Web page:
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Integrate using differentiation with respect to parameter only: $$ I=\int_0^\infty \frac{1}{(x^2+p)^{n+1}}dx, \ n\geq 0, \ p\geq1 $$ No complex methods allowed. This is a rather useful integral to know...By differentiation w.r.t parameter I mean writing something like $$ I(\alpha)=\int_0^\infty f(\alpha,x) dx,\ \to I'(\alpha)=\int_0^\infty \partial_\alpha f(\alpha,x) dx=\frac{d}{d\alpha}\int_0^\infty f(\alpha,x) dx. $$ These integrals are mostly taken from bulgarian math team questions. Thanks again for the assistance and your time and help!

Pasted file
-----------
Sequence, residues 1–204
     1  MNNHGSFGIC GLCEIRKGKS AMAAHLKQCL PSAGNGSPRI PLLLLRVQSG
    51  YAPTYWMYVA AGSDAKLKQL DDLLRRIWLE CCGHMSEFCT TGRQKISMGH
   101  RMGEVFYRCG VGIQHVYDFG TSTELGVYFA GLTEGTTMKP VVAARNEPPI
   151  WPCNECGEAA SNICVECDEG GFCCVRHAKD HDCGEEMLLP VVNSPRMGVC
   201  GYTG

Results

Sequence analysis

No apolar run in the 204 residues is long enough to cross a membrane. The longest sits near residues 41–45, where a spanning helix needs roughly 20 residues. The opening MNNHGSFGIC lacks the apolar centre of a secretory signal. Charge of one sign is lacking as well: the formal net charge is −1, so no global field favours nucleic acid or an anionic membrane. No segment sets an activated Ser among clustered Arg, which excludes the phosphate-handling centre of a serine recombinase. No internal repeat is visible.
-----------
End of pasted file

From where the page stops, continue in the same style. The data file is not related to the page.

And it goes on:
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  • $\begingroup$ Differentiate with respect to $p$ and you will end up with a nice integral. $\endgroup$ – Mhenni Benghorbal Feb 27 '14 at 3:29
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Hint: Let $I(p)=\displaystyle\int_0^\infty\frac{dx}{x^2+p}$ , and then try to express $\displaystyle\int_0^\infty\frac{dx}{(x^2+p)^{n+1}}$ in terms of $I^{(n)}(p)=$ $=(-1)^n\dfrac{(2n-1)!!}{2^{n+1}p^n\sqrt p}\cdot\pi$.

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